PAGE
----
Why Leaning into Vulnerability can Foster Growth and Deepen Impact

Restorative justice (RJ) folks talk a lot about shame and vulnerability. Along with making us popular at parties (not), we’re believers in what a growing pool of research is pointing to. Vulnerability has the transformative power to unlock resilience and growth amidst failure and shame. I can personally attest to this. In fact, I can trace my beginning with Just Outcomes back to a vulnerable moment in my professional life. As the newest member of the team, I’d like to introduce myself by telling that story.

Several years ago, a colleague and I taught a five-day course on RJ in the southern states. Within hours on the first day, friction emerged as students’ differing expectations and needs clashed. My co-instructor and I struggled to balance these varying needs with our own expectations for how the course would look. In the end, we pivoted by devoting significant class time to Circle, working to build understanding and trust in the classroom. This is the week I met Just Outcomes Directors Matthew Hartman and Aaron Lyons.

At the end of each day, my colleague and I met on the porch of our lodging to reflect and plan. This was more than an intellectual exercise. Our journeys intersected with the circumstances in our classroom, which required us to do some personal work. On the second night, Matthew and Aaron – who were leading a separate training – joined us on the porch for a drink. Before long, we told them about our course and the challenges we were facing. In this first conversation, I got a taste for the quality of people Matthew and Aaron are. They received our vulnerability with grace and were able to share some of their learnings in return. Over that week, the porch became a place of camaraderie and trust amidst the heavy work we were doing in our classrooms. Through the trust built, it also became a place of accountability. In the classroom each day, were we living into the values we claimed we held over conversation at night? The growth of Just Outcomes now, as I come on board to expand our reach, can be traced to the trust built on that porch.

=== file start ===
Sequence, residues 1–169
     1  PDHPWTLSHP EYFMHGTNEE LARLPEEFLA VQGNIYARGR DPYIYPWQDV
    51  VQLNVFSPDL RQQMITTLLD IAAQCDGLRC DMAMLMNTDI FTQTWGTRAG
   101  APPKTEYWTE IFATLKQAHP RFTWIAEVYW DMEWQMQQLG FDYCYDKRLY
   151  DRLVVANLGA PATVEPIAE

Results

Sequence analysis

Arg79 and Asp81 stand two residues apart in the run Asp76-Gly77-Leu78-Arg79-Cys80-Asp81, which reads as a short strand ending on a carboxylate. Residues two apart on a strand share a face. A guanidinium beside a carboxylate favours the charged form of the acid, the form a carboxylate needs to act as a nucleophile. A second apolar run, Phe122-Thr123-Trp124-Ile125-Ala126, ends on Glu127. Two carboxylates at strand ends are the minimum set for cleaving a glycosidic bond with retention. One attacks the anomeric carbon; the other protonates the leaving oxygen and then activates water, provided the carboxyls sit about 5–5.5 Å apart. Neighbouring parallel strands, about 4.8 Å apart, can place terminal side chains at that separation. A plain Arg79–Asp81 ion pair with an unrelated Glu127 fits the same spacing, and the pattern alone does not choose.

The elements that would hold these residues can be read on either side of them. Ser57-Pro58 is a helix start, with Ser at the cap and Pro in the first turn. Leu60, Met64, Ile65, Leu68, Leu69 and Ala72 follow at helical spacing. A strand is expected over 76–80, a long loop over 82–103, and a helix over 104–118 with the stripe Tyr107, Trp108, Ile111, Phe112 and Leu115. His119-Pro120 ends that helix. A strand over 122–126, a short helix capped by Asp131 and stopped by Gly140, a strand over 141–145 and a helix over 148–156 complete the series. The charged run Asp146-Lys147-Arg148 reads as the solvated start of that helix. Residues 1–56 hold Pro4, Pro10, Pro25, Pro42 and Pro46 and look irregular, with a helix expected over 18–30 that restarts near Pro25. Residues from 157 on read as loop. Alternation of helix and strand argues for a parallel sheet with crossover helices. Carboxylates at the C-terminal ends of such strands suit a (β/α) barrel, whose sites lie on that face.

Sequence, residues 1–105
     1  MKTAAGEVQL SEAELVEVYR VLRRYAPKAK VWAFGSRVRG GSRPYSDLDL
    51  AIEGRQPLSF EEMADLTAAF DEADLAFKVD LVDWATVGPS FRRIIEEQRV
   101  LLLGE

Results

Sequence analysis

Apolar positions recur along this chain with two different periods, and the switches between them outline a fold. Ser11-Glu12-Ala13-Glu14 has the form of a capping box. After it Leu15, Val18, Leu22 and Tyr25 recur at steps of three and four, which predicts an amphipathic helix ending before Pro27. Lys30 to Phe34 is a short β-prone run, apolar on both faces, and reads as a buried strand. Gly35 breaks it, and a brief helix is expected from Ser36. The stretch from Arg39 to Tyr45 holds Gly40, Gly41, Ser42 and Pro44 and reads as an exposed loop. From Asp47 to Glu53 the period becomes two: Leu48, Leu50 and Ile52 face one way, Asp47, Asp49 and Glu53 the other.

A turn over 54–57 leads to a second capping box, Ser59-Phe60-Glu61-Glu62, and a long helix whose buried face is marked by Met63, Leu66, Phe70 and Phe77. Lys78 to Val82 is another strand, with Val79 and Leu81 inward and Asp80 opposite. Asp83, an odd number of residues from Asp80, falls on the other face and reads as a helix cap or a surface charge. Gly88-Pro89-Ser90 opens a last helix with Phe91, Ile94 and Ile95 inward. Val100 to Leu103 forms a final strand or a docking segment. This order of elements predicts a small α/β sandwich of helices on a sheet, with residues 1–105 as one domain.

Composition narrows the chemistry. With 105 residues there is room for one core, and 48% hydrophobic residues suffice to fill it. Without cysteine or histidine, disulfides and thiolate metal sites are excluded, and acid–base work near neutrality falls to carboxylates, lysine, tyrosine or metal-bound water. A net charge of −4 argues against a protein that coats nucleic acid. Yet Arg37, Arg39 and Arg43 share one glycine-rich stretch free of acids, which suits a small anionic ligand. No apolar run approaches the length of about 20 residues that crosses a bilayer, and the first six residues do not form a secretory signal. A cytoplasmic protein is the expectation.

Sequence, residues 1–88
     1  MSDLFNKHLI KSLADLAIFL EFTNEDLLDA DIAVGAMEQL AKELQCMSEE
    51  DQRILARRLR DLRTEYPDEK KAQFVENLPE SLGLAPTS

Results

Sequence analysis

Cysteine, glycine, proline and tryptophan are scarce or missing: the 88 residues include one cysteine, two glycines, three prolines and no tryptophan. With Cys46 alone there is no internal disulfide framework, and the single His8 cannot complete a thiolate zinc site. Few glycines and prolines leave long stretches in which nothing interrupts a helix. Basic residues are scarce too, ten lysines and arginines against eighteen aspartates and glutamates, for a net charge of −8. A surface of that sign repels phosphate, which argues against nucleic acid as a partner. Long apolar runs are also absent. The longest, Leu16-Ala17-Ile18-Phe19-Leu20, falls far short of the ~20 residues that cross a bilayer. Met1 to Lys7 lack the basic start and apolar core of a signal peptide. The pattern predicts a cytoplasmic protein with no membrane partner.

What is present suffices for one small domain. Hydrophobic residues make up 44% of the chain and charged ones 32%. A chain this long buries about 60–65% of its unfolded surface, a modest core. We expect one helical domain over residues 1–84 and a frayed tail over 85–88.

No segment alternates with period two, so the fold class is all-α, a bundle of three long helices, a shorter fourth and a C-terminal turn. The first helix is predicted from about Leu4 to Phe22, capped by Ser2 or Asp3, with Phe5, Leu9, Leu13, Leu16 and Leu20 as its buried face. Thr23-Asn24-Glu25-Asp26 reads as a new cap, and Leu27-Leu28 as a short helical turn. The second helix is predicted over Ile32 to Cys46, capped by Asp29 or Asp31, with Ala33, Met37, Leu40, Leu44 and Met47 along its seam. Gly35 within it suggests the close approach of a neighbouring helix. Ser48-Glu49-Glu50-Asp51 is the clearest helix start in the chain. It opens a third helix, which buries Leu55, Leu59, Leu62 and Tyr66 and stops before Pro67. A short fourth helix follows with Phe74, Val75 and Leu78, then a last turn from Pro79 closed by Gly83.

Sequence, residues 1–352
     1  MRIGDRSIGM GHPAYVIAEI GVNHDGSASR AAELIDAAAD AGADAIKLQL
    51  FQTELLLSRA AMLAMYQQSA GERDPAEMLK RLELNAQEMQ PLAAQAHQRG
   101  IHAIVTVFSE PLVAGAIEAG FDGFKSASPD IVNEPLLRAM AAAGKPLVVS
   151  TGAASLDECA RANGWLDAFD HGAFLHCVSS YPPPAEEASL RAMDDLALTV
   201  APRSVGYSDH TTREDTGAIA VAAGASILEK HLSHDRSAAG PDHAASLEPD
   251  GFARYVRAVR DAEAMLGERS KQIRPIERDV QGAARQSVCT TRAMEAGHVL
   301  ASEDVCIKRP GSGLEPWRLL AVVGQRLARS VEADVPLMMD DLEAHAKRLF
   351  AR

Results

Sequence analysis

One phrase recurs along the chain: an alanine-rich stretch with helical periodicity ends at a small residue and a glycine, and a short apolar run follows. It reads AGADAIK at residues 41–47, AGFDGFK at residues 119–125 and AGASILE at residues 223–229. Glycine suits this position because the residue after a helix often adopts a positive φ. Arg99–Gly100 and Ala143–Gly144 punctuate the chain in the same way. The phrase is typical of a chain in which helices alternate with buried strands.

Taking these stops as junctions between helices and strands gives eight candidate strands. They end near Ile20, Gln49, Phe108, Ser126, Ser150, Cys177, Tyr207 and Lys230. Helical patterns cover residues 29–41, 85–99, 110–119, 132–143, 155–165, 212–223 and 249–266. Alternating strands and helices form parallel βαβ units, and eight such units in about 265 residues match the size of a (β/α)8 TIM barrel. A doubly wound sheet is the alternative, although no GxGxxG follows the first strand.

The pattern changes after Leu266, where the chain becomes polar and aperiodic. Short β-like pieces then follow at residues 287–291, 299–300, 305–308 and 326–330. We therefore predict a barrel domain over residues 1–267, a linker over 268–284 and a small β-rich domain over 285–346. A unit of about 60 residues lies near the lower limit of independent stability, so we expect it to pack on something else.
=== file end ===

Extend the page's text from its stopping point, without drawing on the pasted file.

As I listened to Matthew and Aaron share about Just Outcomes, I noticed many alignments with the work I was doing. Outside of being an RJ educator, I had developed a peacebuilding centre in Ontario, Canada (where I live) that served as an incubator for justice-oriented social enterprises whose work required navigating complex systems. The focus of Just Outcomes resonated with me because it drew a clear line between RJ and systems change work. A seed was planted in my mind then, which has now come to fruition: I have joined Just Outcomes to expand our impact in the eastern parts of Canada and the United States.

This story may seem like a strange way to introduce myself.  I like it because it sets the stage for what brought me to Just Outcomes and the work I’m here to do. There is also a lesson in it. When vulnerabilities emerge, lean in. When we choose vulnerability over self-protection, we create opportunities to build trust and connection. We create a foundation for accountability and transformation. And this story doesn’t end here. As we build partnerships with organizations, governments, schools, and workplaces across Ontario and beyond, Just Outcomes will encounter new growth and transformation. Most importantly, there will be more vibrant and resilient communities being built on the strength of just relations.

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